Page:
Ring of Fire on Monday’s solar eclipse

Ring of Fire on MondaysRing of Fire

Sunrises and sunsets often dazzle, but they’ll have a special ring to them in a few days for people in the western United States and eastern Asia: The moon will slide across the sun, blocking everything but a blazing halo of light.

It’s been almost two decades since a “ring of fire” eclipse was visible in the continental US. To celebrate the end of that drought, nearly three dozen national parks in the path of the eclipse will host viewing parties.

The solar spectacle is first seen in eastern Asia at dawn on Monday, local time. Weather permitting, millions of early risers in southern China, northern Taiwan and southeast Japan will be able to catch the ring eclipse. Then it creeps across the Pacific with the western US viewing the tail end.

The late day sun will transform into a glowing ring in southwest Oregon, Northern California, central Nevada, southern Utah, northern Arizona and New Mexico and finally the Texas Panhandle where it will occur at sunset on Sunday. For three-and-a-half hours, the eclipse follows an 13,700-mile path. Viewing, from beginning to end, lasts about two hours. The ring phenomenon lasts as long as 5 minutes depending on location.

Outside this narrow band, parts of the West, Midwest and South – and portions of Canada and Mexico – will be treated to a partial eclipse. The Eastern Seaboard of the US will be shut out, but people can log online to sites such as the Slooh Space Camera, which plans to broadcast the event live.

A ring eclipse – technically called an annular solar eclipse – is not as dramatic as a total eclipse, when the disk of the sun is entirely blocked by the moon. As in a total solar eclipse, the moon crosses in front of the sun, but the moon is too far from Earth and appears too small in the sky to blot out the sun completely.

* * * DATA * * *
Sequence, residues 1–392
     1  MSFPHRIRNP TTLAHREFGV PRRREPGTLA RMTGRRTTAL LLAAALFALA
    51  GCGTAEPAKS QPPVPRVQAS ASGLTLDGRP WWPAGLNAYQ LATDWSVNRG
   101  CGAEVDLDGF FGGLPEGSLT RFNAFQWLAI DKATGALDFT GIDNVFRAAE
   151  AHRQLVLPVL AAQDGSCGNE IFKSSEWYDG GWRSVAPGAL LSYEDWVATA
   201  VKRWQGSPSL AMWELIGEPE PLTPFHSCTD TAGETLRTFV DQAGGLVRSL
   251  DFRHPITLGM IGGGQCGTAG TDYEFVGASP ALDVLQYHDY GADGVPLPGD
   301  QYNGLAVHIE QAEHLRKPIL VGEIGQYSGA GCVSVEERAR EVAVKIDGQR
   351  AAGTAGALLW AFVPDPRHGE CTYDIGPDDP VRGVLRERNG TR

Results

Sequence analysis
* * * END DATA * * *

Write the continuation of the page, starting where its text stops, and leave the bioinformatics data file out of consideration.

“A bright ring around the sun at mid-eclipse is still pretty cool,” Geoff Chester of the US Naval Observatory said in an email.

Asia is abuzz over the event. In Japan, cable cars will run early to give tourists an unobstructed view from the mountains. Ferries will make special trips so that others can enjoy the scene offshore. The Taipei Astronomical Museum will open its doors at dawn while Hong Kong’s Space Museum will set up solar-filtered telescopes outside its building on the Kowloon waterfront.

The last time this type of eclipse was seen in the US was in 1994. This year’s solar show offers ringside seats at 33 national parks along the eclipse path including the Grand Canyon and Bryce Canyon. A partial eclipse can be viewed from another 125 national parks.

For die-hard sky gazers, six US locations will see the moon cover about 95 per cent of the sun’s diametre. They include the Petroglyph National Monument, Redwoods National Park, Lassen Volcanic National Park, Canyon de Chelly National Monument, Zion National Park and Glen Canyon National Recreation Area.

And in two weeks, Venus will crawl across the face of the sun – a rare occurrence known as the “transit of Venus”.

Veteran eclipse chaser Jay Pasachoff has traveled to remote corners of the globe to see the moon take a bite of the sun. This time, the Williams College astronomer will travel to New Mexico with his students to collect data.

Sunday’s event will be his 14th ring eclipse and 55th solar eclipse overall. So what does someone who has seen it all look forward to?

Seeing “the symmetry of a ring of sunlight around the dark silhouette of the moon,” Mr Pasachoff said in an email.

The next ring eclipse won’t be visible in the US for more than a decade – October 2023.

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